Strange. Well, I guess the jury's out on that still then. I must not have noticed this passage when I read it. I guess you'll have to do some further research and make a decision based on your findings. My research revealed that non-parallel was the way to go, but Acoustics101 says different. The information they have is pretty good, but it is of course geared toward selling Auralex products. I don't think that would have any effect on their suggestions for the window though. Let me know what you find out. Now, I'm really curious which way works better.

Bane of All Existence
Member
Since: Mar 27, 2003


Jun 19, 2003 06:09 pm

yeah it's an interesting point. as i mentioned above, i was reading a book when i stopped at the library to check this stuff out. it said that when it comes to the dead air between two solids principle, the window/wall/whatever is only as effective as the shortest distance between those two solids. so if it's 4" at the top and 3" at the bottom, it's only 3" in reality.

what a quandary!

Maniacal Genius
Contributor
Since: Dec 30, 2002


Jun 19, 2003 06:56 pm

I believe the idea behind using non-parallel panes for a window is so that when sound penetrates the first pane, it, doesn't reflect directly back and forth between the two panes. Having the two panes non-parallel causes the sound to "bounce around" inside the dead space hence allowing less of the sound to actually penetrate out through the other side. Now, I certainly don't have the proper education to support or deny this, but it "seems" to make sense to some degree. I'll do some more research on this topic and you do the same. Between us, we can come up with a good, inexpensive solution.

Administrator
Since: Apr 03, 2002


Jun 19, 2003 07:23 pm

That is pretty much the theory behind everything being non-parallel, panes, doors, walls...everything. It keeps sound waves from bouncing directly back and forth and cancelling each other out.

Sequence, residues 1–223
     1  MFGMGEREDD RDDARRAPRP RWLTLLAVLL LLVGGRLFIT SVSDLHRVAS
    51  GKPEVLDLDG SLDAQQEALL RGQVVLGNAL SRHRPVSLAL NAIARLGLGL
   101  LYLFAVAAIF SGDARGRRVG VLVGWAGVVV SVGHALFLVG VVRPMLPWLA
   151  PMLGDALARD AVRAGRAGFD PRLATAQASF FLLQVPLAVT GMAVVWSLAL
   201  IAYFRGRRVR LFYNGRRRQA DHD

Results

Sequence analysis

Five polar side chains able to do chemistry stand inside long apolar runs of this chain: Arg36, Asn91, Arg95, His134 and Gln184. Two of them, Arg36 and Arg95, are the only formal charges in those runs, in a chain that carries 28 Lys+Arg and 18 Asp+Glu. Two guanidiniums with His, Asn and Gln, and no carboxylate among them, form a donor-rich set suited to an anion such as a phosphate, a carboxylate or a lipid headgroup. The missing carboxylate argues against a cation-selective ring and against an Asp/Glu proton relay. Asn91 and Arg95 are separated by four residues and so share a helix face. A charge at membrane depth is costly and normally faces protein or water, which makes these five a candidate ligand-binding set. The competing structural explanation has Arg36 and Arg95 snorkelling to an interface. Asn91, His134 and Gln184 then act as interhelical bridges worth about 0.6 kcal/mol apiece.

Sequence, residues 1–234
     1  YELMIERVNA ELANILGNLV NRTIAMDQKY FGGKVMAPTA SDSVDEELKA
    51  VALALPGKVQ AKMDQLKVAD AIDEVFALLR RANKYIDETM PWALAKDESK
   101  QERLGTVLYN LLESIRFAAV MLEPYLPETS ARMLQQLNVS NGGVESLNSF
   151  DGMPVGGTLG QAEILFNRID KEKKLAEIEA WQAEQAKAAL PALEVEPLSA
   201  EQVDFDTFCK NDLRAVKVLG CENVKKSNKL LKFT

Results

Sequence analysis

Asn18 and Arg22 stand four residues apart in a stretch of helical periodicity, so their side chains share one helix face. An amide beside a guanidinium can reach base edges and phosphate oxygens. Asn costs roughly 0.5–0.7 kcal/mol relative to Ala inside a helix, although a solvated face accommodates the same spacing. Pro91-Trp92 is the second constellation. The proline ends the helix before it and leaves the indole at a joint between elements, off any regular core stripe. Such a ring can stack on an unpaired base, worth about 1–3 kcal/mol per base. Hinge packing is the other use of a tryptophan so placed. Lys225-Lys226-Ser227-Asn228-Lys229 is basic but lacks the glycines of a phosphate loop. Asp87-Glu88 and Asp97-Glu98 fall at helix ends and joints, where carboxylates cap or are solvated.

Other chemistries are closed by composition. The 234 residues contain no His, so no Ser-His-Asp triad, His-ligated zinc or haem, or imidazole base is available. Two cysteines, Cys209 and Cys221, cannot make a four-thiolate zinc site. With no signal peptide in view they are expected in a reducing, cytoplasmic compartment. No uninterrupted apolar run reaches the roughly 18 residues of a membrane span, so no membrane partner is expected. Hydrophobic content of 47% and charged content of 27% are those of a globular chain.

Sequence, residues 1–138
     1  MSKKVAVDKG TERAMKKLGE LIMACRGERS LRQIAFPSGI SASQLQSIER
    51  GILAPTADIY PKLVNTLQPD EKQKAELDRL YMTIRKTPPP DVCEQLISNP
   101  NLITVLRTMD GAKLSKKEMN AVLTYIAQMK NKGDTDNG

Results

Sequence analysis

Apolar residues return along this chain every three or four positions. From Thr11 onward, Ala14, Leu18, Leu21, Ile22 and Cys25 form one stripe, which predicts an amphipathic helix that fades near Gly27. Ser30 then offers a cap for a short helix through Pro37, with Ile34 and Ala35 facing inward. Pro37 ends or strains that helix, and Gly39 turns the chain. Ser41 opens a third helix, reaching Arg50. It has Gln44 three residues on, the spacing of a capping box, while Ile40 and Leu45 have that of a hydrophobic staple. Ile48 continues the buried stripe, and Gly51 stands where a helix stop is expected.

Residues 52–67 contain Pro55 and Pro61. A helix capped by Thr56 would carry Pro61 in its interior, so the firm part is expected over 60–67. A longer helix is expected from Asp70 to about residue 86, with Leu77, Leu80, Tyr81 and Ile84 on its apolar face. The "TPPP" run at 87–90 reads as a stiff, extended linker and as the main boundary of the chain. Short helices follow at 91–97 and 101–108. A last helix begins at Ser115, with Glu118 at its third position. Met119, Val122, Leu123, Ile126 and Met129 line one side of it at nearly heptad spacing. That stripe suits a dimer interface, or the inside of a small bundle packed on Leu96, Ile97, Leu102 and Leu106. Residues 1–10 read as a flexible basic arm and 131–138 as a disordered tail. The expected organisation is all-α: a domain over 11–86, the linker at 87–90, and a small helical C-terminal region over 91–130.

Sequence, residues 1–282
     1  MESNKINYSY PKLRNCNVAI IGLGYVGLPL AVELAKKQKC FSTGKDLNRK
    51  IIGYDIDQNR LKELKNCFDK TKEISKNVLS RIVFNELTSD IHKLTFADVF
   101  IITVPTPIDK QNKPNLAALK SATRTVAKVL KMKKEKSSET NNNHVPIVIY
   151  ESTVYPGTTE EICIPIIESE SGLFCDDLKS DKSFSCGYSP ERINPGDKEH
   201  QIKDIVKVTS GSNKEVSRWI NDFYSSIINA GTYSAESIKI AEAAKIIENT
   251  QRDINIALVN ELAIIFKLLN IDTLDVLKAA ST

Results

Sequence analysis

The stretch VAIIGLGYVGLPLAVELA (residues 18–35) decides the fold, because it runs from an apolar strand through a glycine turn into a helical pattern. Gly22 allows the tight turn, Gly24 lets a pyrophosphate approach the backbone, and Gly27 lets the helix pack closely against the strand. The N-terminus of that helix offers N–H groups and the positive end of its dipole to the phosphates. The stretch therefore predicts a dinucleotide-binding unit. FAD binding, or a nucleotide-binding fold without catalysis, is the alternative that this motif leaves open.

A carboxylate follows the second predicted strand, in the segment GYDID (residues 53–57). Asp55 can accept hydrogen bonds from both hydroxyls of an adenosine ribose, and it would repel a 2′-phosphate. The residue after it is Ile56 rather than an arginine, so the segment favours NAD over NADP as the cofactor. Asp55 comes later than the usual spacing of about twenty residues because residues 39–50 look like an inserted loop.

If parallel walls and such are not feasible, the next logical solution is putting furniture, like bookshelves, chairs and such in corners diagonally to minimize the bass traps that exists in corners and keep sound bouncing. If using bookshaleves, it's also good to have books on them of all different sizes.

Another solution is building a piece of plywood to hang on the wall that has all differetn lengths of 2x4's or 4x4's screwed to it and hang it on the wall like a picture.

Much of these ideas and more are discussed in several articles in the Do-It-Yourself section of HRC.

Chief Cook and Bottle Washer
Member
Since: May 10, 2002


Jun 20, 2003 08:33 am

Non parallel construction limits resonation. For example with the two panes of glass. The pane on the side of the recording room will vibrate from the music being played. As it vibrates it will move the air inbetween the panes of glass which will vibrate the second pane on the side of the control room. If the panes are parallel they will resonate and have a greater tendency to vibrate each other more. If they are slightly non parallel the sound waves will bounce like a bank shot on a pool table and the vibrations will disipate in the space between the panes instead of resonate. This theory can be carried over to every aspect of the studio. Parallel walls / ceiling floor, etc. Double walls are very cool to if you can afford the extra 2x4's and space. You still need only sheet the outsides of the double wall construction.

Eat Spam before it eats YOU!!!
Member
Since: May 11, 2002


Jun 20, 2003 10:02 am

... actually if I remember right the nonparalell glass has nothing to do with sound transmission but lessens the "mirror" effect you'll get when you try to look though it...